What is the city but the people? Engineering inclusivity debate

ICE Thinks has produced an in-depth discussion paper around the role of the engineer in creating inclusive cities. The paper challenges engineers to do more to take into account the diverse needs of specific groups.

  • Updated: 25 April 2018
  • Author: Joanna Gonet, Lead Public Affairs Manager

In February ICE hosted 150 delegates - engineers, designers, academics, policy makers and third sector representatives - at an all day conference on inclusive cities.

The question of whether it is people who make a city, or a city which shapes its people, is as old as Rome itself. It is famously referred to in Shakespeare’s Coriolanus where the cry from the citizens of Rome is that the people are the city.

You can download the the subsequent 'What is the city but the people?' discussion paper below. It explains in greater detail the important issues that were discussed, including:

3 inclusivity challenges

  1. ICE challenges infrastructure and civil engineering industry leaders to ensure greater female representation throughout the sector
  2. ICE calls on academia to commission research on how infrastructure can better support the needs of night workers and the night-time economy
  3. ICE implores engineers to think about design from the perspective of people with differing needs to their own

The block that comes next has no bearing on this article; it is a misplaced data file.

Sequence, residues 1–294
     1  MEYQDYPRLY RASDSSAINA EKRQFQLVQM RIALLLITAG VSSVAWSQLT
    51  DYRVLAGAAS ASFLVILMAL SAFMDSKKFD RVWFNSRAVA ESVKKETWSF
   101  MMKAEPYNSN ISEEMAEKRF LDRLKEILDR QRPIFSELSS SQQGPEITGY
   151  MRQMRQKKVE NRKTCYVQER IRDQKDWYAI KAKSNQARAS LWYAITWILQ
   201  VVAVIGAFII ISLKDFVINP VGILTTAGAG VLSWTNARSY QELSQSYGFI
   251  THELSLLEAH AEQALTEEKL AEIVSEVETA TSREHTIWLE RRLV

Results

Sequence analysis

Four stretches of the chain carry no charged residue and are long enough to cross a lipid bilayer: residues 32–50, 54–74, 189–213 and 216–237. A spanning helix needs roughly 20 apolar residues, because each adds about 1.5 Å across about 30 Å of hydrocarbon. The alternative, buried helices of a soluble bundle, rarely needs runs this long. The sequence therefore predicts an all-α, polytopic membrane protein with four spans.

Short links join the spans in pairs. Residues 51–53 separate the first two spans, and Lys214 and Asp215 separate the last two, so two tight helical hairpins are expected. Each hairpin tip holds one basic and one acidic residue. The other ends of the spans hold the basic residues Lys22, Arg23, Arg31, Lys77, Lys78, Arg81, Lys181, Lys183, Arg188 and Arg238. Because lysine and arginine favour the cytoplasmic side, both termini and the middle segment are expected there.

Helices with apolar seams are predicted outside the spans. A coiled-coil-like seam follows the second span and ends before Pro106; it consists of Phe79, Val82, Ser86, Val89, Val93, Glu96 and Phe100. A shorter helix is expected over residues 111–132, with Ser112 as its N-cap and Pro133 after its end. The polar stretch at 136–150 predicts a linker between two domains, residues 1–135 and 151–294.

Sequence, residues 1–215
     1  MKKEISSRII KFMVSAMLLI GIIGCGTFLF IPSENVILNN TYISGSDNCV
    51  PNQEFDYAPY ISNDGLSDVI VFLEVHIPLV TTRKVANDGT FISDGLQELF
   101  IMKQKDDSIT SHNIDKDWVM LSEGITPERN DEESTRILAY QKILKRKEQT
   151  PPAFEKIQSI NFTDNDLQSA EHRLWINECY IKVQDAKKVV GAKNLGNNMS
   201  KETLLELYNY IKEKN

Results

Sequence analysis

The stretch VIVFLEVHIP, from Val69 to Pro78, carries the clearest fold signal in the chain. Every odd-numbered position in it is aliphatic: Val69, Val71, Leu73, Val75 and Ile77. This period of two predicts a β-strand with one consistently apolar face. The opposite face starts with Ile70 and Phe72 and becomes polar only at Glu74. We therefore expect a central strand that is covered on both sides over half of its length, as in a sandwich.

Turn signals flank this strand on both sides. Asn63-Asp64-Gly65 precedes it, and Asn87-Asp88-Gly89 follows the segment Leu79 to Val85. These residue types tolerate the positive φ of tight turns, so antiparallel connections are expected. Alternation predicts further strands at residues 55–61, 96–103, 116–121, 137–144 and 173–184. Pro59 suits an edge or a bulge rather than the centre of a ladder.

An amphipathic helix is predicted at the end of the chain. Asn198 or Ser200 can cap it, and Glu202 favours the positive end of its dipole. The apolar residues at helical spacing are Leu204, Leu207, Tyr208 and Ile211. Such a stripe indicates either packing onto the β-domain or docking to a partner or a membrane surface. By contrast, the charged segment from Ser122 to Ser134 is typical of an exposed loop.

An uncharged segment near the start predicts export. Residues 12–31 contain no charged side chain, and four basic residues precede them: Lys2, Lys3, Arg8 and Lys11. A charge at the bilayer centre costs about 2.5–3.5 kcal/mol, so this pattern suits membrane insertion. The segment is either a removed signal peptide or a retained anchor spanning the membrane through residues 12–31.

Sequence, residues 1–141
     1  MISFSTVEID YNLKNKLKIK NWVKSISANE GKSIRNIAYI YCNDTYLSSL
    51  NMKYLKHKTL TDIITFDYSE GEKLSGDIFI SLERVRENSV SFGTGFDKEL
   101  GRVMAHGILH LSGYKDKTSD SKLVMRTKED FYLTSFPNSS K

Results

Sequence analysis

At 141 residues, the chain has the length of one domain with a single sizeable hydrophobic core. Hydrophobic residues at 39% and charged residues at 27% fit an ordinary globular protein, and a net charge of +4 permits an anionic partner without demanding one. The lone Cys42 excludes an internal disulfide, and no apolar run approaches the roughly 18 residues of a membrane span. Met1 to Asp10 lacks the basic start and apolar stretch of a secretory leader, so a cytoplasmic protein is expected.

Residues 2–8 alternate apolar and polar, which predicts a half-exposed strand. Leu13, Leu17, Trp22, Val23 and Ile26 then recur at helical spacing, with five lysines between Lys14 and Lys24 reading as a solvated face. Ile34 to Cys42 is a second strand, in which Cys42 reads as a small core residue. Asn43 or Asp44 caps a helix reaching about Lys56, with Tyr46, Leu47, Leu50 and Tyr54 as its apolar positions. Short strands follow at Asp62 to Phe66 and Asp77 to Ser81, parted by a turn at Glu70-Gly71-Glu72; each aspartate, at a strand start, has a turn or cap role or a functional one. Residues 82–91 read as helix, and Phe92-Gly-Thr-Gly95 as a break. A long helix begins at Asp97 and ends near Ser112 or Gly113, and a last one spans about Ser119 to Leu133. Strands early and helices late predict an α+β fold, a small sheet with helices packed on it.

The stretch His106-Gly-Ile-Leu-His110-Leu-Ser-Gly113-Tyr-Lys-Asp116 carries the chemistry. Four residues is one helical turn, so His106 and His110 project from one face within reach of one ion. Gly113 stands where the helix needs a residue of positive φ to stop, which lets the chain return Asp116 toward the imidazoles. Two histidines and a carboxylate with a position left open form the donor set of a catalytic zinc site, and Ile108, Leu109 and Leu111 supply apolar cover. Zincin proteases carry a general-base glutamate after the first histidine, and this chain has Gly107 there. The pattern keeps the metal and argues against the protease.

3 inclusivity themes

Feminist cities

Understanding how men and women use cities differently and specifically how women can be better included in design and planning can help to create spaces that are more inclusive.

City at night

From better transport options to increased lighting after hours, there is much more that can be done to improve the working lives of those who keep the wheels turning while we're asleep.


Inclusive design is not just about taking into account disability, it's about putting safety and ease of use for all people first.

Download 'What is the city but the people'

Continuing the discussion

ICE Thinks will continue to debate inclusivity throughout 2018 - including an APPG Infrastructure panel discussion, The Feminist City, in June.

Further information from [email protected]